I start with a sentence like this:
Will sat picking at a supper of mutton and ale in the coolest corner of the common room, pages from Titus spread on the table before him and his trencher shoved to the side, the ink drying in the nib of his pen.
And I turn it into a sentence like this:
Will sat picking at a supper of mutton and ale in the coolest corner of the common room, his trencher shoved to one side and Titus spread on the table, the ink drying in his pen.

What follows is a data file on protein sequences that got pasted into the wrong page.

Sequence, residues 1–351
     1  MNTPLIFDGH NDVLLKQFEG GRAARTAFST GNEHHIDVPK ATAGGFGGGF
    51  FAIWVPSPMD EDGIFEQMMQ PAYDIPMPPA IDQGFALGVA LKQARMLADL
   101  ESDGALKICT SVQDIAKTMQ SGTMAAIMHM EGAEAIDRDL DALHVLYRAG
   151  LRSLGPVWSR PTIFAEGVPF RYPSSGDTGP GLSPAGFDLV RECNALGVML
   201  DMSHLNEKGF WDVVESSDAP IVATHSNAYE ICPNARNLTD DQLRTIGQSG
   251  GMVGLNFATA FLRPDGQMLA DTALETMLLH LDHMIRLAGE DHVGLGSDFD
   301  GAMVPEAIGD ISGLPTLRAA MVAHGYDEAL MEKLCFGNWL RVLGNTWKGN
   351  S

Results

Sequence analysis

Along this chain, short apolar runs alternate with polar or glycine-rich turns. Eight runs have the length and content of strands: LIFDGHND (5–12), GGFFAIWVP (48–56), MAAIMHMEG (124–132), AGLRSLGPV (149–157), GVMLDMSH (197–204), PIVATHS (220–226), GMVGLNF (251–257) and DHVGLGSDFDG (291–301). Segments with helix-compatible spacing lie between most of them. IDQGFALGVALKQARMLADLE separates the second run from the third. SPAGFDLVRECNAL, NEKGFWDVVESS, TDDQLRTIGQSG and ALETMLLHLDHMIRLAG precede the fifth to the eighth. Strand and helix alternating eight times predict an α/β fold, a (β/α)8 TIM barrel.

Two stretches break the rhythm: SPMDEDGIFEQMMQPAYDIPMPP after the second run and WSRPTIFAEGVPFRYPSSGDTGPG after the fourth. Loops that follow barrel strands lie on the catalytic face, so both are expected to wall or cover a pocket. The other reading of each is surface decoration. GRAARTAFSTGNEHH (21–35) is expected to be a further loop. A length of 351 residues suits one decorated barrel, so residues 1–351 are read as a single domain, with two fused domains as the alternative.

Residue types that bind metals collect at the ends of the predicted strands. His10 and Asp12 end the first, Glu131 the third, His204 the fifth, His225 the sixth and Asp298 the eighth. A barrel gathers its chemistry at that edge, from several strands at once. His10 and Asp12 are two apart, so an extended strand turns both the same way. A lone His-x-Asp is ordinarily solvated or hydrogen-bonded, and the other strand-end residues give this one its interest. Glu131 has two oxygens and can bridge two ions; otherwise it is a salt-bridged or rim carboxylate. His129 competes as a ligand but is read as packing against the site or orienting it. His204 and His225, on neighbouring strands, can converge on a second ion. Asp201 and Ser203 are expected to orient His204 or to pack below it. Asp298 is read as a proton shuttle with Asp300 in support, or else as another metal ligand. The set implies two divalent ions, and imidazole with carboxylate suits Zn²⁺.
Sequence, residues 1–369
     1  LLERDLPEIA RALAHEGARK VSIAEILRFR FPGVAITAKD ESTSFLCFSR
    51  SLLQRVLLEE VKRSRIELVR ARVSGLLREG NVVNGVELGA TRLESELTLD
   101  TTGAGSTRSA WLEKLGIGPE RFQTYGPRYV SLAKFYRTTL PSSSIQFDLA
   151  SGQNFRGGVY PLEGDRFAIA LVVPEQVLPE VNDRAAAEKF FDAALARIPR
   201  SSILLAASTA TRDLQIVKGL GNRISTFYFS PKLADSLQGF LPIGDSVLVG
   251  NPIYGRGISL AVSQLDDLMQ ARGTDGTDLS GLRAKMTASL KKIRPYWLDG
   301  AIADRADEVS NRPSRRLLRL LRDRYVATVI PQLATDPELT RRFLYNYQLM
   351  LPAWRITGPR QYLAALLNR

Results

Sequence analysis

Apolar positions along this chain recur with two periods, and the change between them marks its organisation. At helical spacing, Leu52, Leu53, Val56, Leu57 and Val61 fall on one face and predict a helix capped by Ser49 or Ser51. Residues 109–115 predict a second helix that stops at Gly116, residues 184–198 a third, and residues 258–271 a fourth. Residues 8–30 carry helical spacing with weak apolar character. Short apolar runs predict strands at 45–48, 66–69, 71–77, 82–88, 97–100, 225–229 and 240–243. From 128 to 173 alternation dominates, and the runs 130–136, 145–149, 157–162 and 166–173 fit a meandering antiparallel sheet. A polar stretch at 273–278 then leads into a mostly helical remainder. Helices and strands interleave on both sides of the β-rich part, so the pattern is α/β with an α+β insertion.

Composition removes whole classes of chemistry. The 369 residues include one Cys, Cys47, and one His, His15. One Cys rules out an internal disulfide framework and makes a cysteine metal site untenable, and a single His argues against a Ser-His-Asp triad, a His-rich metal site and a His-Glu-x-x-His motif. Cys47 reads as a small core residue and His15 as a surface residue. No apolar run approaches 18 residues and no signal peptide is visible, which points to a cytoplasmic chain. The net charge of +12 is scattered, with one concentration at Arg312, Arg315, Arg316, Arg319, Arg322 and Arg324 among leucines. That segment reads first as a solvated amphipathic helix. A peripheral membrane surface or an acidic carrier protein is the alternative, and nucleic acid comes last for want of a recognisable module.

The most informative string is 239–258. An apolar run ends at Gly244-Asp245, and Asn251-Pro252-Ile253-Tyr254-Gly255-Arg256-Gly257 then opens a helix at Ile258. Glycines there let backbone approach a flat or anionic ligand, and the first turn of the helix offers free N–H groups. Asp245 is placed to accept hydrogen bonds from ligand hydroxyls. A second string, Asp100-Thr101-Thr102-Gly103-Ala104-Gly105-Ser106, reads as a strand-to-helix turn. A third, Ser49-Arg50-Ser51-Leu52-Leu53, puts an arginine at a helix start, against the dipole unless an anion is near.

Doesn't seem like much, does it? But you would be amazed how it adds up. Do that to every single one of the 12,452 sentences in this novel (averaging 11.4 words per sentence, I might add), and you have a much tighter and better-flowing book.
The astute observer will notice that most of the important stuff I did to that sentence was not the trimming, but fixing the line of direction so the evolution of action and description flow more naturally through the movement of the prose.
Yeah, I actually do this with every dratted book. Every time I revise it.
What, you thought it fell out of my head that way?
(Hey, at least I'm blogging about revising. That's like work.)